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Pairing Beef Tenderloin with Fall Flavors

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I love having friends over for dinner,

and I do it often. And I’m convinced that for me, entertaining at home is long on fun and short on stress because of two key points I keep in mind when making up the menu. The first is balancing and bridging flavors so the lineup of dishes makes sense as a whole (that way, all your guests are impressed and satisfied and you’ll feel proud). Right alongside that is planning a stress-free menu, with little touches that elevate each dish to invite- your-friends special— and that can all be prepared long before anyone rings the doorbell. For this menu, I wanted something easy, but with a little drama that would get everyone excited, so I chose filet of beef. Filet (also called tenderloin) is a real crowd pleaser that takes well to earthy flavors.

With that as my starting point, the rest was easy. Beef filet’s earthiness is a natural for wild mushrooms, and I wanted to counter that with a tangy accent, so I added cider to the sauce (apple is just about my favorite autumn flavor). Things were going in a kind of woodsy direction, so I added a touch of sherry vinegar (it’s aged in wood). Piny rosemary completes the picture. Celery root purée is an earthy and delicious alternative to mashed potatoes, and an apple in the purée links to the cider in the mushroom sauce.

Because beef filet is rich, I chose a salad that was light yet had some savory touches—blue cheese and crunchy spiced walnuts. And for dessert, individual butterscotch custards, which are made ahead, are perfect because I find that once you sit down to dinner, you want to stay with your guests.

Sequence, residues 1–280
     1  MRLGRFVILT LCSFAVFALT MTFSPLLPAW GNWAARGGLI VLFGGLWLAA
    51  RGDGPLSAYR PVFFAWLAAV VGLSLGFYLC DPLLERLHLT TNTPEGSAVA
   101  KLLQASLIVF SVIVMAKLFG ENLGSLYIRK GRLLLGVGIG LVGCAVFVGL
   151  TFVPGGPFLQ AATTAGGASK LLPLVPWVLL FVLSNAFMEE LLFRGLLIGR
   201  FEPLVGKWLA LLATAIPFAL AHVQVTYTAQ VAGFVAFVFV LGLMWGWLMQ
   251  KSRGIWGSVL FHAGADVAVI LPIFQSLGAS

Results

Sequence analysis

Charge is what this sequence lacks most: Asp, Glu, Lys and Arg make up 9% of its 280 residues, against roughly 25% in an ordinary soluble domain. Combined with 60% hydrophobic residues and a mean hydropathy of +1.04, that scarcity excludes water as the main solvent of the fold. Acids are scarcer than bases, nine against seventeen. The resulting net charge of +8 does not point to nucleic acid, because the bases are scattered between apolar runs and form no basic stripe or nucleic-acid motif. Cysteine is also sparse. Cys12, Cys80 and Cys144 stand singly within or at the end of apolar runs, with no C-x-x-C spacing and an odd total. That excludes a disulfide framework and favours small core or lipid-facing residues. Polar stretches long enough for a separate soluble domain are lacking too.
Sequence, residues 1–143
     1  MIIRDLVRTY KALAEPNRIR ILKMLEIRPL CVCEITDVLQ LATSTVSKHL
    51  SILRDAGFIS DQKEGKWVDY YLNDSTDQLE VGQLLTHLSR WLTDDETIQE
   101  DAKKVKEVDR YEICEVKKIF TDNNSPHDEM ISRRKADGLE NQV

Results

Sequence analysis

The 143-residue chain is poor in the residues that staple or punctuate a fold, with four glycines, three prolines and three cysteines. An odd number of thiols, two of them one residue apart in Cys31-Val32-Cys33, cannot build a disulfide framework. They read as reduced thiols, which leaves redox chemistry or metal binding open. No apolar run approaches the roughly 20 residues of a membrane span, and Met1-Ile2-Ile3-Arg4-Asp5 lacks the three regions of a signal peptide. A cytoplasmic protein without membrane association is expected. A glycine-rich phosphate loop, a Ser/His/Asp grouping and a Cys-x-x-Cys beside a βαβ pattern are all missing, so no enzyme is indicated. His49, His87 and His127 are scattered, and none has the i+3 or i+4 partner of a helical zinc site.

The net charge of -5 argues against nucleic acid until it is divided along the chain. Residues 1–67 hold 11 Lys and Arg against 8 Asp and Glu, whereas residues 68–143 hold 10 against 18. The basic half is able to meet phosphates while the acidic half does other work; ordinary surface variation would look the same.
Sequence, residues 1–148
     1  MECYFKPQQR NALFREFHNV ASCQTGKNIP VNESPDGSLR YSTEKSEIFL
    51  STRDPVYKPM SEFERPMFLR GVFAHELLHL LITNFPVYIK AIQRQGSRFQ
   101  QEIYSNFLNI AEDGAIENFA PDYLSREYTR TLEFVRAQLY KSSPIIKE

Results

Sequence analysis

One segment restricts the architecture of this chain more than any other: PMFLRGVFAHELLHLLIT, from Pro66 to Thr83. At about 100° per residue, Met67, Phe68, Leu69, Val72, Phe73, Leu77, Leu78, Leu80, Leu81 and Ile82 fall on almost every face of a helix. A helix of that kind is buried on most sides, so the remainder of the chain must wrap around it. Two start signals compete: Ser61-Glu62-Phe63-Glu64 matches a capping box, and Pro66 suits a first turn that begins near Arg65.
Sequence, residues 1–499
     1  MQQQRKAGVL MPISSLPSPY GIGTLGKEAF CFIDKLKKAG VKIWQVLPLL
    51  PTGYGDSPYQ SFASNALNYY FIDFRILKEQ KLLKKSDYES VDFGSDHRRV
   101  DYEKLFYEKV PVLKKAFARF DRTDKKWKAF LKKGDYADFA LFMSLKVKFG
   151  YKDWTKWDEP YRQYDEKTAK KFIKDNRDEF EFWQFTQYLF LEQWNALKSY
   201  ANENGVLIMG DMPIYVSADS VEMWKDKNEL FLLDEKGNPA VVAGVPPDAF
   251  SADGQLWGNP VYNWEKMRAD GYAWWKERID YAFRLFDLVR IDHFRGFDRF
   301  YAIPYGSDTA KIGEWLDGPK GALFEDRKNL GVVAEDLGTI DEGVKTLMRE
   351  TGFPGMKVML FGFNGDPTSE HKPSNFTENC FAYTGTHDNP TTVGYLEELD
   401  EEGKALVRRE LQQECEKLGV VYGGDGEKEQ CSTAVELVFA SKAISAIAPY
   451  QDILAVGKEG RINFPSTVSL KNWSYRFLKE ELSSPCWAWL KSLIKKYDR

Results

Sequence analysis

Take a few minutes to make a plan. Again, many of these simple elements can be done a day or two before the dinner: the dressing and spiced nuts for the salad, and the tasty sauce for the filet, which gets its flavor from sautéed mushrooms and beef stock rather than from pan juices. The butterscotch custard actually must be made the day before, too. You even can whip the cream before serving time and chill it in a cheesecloth-lined strainer set over a bowl.

Menu Timeline

Two days ahead

  • Order the filet of beef.
  • Buy the pears and blue cheese; let them ripen.
  • Find sources for less common ingredients (sherry vinegar, wild mushrooms, celery root).

The day before

  • Make the custards.
  • Make the spice-candied nuts.
  • Make the salad dressing.
  • Make the sauce for the filet.

That morning

  • Wrap the filet in bacon and tie it.
  • Wash and dry the greens.
  • Slice the cheese.

Two hours before serving

  • Make the purée; keep warm over a water bath.
  • Whip the cream for the custards; keep chilled in a cheesecloth-lined strainer over a bowl.
  • Heat the oven.

One hour before

  • Roast the filet.

Just before serving

  • Reheat the sauce gently as the filet rests.
  • Assemble the salads.

Shopping List

Meat, Eggs & Poultry:

  • 1 whole tenderloin of beef (3-1/2 to 4 pounds)
  • 4-6 ounces apple-smoked bacon
  • 1 dozen eggs

Fresh Produce:

  • 3 medium shallots
  • 1 small head curly endive or frisee
  • 1 small head Bibb or Boston lettuce
  • 2 large heads Belgian endive or 2 small bunches watercress
  • 2 ripe Bartlett or Anjou pears
  • 1 apple such as Winesap, Granny Smith, or Braeburn
  • 1 lemon
  • 2 large celery roots (about 4 pounds total)
  • 3 ounces cremini mushrooms
  • 3 ounces shiitake mushrooms
  • 3 ounces oyster mushrooms
  • 1 bunch fresh rosemary
  • 1 small bunch fresh mint (or other delicate herb such as basil, tarragon, etc)

Other Groceries:

  • 1 package walnut halves
  • 1 bottle sherry vinegar
  • 1 carton apple cider
  • 1 carton heavy cream (need 2-3/4 cups)
  • 1 can low-salt beef broth
  • 1/4 pound Gorgonzola or Roquefort
  • 1 bottle Scotch whisky

Pantry Staples:

  • Kosher salt black pepper
  • 1/4 cup extra-virgin olive oil
  • about 15 Tbs. unsalted butter
  • 1 cup milk
  • about 1/3 cup granulated sugar
  • 1-1/2 cups dark brown sugar
  • 3/4 cup dry red wine
  • 3 Tbs. cider vinegar
  • 1 tsp. ground cinnamon
  • 1/2 tsp. ground coriander
  • 1/4 tsp. ground star anise or anise seed
  • fresly grated nutmeg, to taste

Buying beef tenderloin Order a whole filet of beef from the butcher two to three days in-advance. A whole filet weighs about four pounds trimmed (for eight guests, that allows for-about eight ounces per person). Ask the butcher to trim-it for you. You’ll probably pay for the untrimmed weight, so be sure to-ask for the scraps to use in a-quick stir-fry later.

The Menu


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